I am considering an upcoming article on installation tips and tools. If anyone in the group here has any good tips you would like to pass on to the group I will be glad to reference you if it goes to print.
Did anyone catch the installation fishing contest at the last ISC West? It was put on by B.E.S. and the Training Dept. Some pretty fierce competition and the winners beat the others by hundredths of a second.
One drywall screw and half a tube of construction adhesive.
| > I am considering an upcoming article on installation tips and tools. If | > anyone in the group here has any good tips you would like to pass on to | > the group I will be glad to reference you if it goes to print. | >
| > Did anyone catch the installation fishing contest at the last ISC West? | > It was put on by B.E.S. and the Training Dept. Some pretty fierce | > competition and the winners beat the others by hundredths of a second. | >
Here's a few that I've mentioned here before and maybe they're well known .... or not. Use them if you find them useful
When caulking, instead of getting it all over your fingers trying to smooth out a bead you've just laid down, mix a little bit of soap in a cup of water. Wet your fingers with the soapy water and the caulk wont stick to your fingers.
In the winter time, after the tube of caulk has sat in the van all night, trying to get the caulk soft enough to work with, can take some time. If there's a microwave oven on the site, loosen or take the cap off the tube, put the tube on a paper towel (just in case) and "cook" it for 15 second intervals until it's soft enough to work with. If you're going to need it throughout the rest of the day, carry the tube in your front pocket. Body heat will keep it at just the right consistancy.
When you are hooking a wire to a transformer strip the wire back about an inch so you can wrap the copper around the screw and hold it with your finger while you tighten it. This keeps the wire from pushing out while you tighten the screw, then cut off the excess.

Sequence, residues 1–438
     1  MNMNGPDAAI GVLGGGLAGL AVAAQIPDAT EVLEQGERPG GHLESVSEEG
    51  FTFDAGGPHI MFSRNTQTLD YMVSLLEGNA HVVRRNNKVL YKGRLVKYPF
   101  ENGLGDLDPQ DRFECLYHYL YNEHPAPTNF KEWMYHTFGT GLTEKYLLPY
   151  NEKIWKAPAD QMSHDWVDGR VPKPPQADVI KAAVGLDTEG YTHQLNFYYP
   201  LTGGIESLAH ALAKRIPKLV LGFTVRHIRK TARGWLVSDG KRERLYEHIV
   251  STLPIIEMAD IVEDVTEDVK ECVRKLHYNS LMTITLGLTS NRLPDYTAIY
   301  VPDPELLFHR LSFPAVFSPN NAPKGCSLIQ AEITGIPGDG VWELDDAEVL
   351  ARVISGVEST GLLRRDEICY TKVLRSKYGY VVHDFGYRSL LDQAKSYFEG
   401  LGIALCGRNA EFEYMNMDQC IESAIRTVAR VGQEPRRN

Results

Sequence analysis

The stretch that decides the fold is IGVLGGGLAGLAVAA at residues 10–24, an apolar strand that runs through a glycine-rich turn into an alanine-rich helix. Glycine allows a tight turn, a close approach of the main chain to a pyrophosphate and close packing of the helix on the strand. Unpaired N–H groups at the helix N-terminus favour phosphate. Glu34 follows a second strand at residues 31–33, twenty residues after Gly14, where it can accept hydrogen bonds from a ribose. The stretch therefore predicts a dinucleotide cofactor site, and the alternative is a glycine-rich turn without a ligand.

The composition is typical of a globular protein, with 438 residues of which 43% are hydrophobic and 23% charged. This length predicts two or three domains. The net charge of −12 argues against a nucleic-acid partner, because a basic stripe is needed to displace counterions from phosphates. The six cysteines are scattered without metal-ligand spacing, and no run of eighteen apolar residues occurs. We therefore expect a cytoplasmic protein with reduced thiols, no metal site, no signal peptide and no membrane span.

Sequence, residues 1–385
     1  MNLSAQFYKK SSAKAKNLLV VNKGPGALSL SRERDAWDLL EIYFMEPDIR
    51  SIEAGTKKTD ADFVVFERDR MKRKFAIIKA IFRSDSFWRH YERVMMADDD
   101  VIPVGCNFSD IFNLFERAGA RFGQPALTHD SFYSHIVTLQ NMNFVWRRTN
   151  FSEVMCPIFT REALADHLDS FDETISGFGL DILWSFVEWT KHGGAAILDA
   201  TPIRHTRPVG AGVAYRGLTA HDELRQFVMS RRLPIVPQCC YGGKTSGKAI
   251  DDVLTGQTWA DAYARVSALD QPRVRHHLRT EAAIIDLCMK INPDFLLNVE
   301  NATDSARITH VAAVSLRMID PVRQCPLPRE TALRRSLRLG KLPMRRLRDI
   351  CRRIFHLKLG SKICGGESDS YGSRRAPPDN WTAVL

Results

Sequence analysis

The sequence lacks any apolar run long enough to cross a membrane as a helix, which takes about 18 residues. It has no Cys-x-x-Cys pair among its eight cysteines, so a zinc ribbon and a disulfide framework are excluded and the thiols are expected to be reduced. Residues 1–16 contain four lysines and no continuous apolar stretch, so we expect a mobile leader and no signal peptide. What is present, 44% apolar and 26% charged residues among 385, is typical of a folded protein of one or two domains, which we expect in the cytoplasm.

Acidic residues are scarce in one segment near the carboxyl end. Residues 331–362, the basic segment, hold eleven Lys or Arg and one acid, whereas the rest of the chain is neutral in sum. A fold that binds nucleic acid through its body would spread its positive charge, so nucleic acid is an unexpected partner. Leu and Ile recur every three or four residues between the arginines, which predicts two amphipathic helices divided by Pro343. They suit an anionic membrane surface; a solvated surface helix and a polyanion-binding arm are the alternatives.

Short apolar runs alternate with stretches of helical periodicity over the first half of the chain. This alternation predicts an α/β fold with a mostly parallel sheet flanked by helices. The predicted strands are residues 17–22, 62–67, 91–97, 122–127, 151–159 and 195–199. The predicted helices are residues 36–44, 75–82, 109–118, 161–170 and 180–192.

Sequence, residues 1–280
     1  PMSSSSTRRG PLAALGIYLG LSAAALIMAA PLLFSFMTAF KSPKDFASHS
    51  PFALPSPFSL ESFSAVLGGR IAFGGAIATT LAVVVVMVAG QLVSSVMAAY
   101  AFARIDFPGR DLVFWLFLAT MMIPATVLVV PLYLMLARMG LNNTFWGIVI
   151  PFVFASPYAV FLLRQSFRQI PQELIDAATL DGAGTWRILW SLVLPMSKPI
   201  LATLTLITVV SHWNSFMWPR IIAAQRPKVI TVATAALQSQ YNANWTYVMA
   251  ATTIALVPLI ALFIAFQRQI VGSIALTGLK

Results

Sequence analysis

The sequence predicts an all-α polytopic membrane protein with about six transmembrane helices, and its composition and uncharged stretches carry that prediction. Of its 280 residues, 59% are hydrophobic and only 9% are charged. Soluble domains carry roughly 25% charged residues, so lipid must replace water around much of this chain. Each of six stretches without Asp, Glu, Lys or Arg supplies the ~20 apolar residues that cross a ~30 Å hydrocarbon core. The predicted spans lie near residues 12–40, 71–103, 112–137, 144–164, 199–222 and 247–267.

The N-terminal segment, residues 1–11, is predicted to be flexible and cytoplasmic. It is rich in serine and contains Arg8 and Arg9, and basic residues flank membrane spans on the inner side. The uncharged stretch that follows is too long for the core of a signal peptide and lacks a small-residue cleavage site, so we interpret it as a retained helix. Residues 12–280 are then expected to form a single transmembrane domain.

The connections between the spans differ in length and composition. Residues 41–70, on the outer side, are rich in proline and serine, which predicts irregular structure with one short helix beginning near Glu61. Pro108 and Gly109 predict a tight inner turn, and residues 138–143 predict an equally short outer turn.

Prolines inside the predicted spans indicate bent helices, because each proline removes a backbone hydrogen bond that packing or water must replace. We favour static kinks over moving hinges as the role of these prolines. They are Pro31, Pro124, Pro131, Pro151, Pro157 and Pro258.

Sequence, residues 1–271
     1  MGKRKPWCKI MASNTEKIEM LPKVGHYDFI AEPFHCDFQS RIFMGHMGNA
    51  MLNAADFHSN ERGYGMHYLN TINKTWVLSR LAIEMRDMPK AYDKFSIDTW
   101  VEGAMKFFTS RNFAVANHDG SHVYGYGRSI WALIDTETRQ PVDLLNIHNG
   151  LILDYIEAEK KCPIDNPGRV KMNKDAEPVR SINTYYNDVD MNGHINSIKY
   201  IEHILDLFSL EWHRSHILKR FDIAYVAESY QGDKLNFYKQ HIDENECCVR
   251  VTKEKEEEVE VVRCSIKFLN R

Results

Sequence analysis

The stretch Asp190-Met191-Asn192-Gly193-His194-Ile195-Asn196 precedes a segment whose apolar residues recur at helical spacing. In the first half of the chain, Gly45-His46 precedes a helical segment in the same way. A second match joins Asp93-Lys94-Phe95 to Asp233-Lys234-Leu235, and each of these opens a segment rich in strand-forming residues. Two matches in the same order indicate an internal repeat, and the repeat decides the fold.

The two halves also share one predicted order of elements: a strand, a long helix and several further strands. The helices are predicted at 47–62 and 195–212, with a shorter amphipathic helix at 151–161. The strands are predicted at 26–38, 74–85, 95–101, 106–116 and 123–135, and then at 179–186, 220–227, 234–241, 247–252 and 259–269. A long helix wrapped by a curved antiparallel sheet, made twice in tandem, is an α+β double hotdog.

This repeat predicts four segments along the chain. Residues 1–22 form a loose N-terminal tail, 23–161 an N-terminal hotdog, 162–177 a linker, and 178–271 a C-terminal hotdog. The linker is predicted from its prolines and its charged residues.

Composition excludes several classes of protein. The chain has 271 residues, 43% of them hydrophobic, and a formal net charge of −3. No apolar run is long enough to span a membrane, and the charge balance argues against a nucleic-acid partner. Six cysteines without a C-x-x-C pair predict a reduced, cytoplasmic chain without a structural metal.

Also wrap the wire clockwise so as you tighten it wont push the wire out.
Number one rule: Use the right tool for the proper job.
Number two rule: Keep the tools is good condition. Dull screwdrivers are dangerous and can be easily reconditioned. Rusty dykes, dull rusty drill bits, extention cords that are frayed, ladders with wore feet, brushes on drills, etc. can all be reconditioned and if not should be retired.
Tip: On a post wire installation, when your tech rings the door bell and the lady of the house answers, the most comforting thing for her to see is your tech standing there with a vacuum cleaner and drop cloth. It is more re-assuring then him standing there with drill motors, 6' flex bits, extension cords, ladders etc. First impressions are everything.
Tip: Have your sales person instruct the customer to have items moved out away from the windows, doors, panel location etc. prior to the installers arriving. This will save time and lessen the chance of the installer accidently damaging something.
Tip: Where contacts and magnets cannot be recessed or screwed down, people rely on the adhesive strip on the device. Clean the surface with alcohol or mineral spirits, place the device and then add a small bead of RTV (clear) around the edges and wipe smooth (using Jim's trick). Saves that trip back because the tape didn't hold.